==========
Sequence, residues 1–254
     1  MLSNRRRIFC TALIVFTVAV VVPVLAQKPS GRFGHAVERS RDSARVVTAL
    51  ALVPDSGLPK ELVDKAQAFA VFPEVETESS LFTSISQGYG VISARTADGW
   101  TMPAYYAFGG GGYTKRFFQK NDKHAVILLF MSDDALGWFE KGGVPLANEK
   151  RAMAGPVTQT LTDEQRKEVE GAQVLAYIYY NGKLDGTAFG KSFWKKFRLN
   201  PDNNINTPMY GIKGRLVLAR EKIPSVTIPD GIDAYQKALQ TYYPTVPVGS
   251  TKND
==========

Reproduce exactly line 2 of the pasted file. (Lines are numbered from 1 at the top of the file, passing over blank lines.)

     1  MLSNRRRIFC TALIVFTVAV VVPVLAQKPS GRFGHAVERS RDSARVVTAL